Factors affecting waste disposal facilities siting in Southern China

S.S. Chung, C.W.H. Lo, Chi Sun Poon

Research output: Journal article publicationJournal articleAcademic researchpeer-review


Solid waste disposal facilities have become scarce in both developed democratic and lower-income socialist states such as the mainland China. The cases of Guangzhou, Jiangmen and Dongguan are analysed to elucidate the factors for siting difficulties and the unique siting style in China. A number of factors are contributing to siting difficulties in Southern China. Irrational applications of the self-sufficient principle at local waste management, poor environmental track records of previous and existing disposal facilities have all severely restricted the supply of waste disposal sites. In addition, rapid increase in waste generation and the use of old-fashioned equipment in waste facilities are speeding up the consumption of landfill space. While the top-down approach is still the norm in waste facility siting, local governments and host communities in China can effectively block the establishment of waste facility as a result of increasing decentralisation of decision making power where even grass root level governments are granted more autonomy in decision making.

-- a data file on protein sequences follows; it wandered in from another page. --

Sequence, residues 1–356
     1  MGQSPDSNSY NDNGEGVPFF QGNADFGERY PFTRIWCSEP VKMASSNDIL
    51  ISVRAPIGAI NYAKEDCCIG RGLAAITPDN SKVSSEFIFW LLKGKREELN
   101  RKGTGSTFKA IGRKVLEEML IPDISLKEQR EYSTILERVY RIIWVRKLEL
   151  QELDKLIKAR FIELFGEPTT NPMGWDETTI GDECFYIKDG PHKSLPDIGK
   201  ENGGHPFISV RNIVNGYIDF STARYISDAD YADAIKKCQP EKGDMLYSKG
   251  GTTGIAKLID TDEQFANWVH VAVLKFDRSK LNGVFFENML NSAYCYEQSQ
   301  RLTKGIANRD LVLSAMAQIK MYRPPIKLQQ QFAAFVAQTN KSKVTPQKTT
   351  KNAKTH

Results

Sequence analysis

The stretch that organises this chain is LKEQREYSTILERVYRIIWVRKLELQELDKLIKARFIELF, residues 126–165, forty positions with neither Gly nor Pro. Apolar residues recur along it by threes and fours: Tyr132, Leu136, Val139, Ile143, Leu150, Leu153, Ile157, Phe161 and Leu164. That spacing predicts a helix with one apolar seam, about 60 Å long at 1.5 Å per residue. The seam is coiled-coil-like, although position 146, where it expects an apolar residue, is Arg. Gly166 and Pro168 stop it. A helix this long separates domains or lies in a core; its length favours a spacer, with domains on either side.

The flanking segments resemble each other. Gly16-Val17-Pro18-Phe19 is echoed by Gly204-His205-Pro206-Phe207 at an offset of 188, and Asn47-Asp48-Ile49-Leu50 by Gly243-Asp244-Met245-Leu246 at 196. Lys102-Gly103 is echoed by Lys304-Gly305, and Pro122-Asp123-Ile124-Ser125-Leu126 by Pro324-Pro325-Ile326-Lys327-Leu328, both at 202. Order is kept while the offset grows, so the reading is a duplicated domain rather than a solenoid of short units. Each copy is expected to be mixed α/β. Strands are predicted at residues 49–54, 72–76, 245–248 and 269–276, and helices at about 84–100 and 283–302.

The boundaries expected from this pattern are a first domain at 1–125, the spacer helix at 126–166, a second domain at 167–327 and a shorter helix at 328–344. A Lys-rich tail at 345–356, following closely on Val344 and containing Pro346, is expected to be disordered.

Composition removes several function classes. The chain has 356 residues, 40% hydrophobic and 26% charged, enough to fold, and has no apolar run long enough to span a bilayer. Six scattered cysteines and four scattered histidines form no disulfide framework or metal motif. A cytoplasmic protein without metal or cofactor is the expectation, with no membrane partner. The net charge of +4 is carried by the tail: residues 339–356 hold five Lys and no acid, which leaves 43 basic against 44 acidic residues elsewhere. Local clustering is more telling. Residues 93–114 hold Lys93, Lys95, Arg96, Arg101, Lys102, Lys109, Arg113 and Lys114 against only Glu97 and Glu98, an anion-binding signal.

Original languageEnglish
Pages (from-to)241-262
Number of pages22
JournalJournal of Environmental Assessment Policy and Management
Issue number2
Publication statusPublished - 2002


  • People's Republic of China
  • Municipal solid waste disposal facilities
  • Voluntary siting
  • Usufractuary right
  • Decide-announce-defend approach

ASJC Scopus subject areas

  • Management, Monitoring, Policy and Law
  • Geography, Planning and Development


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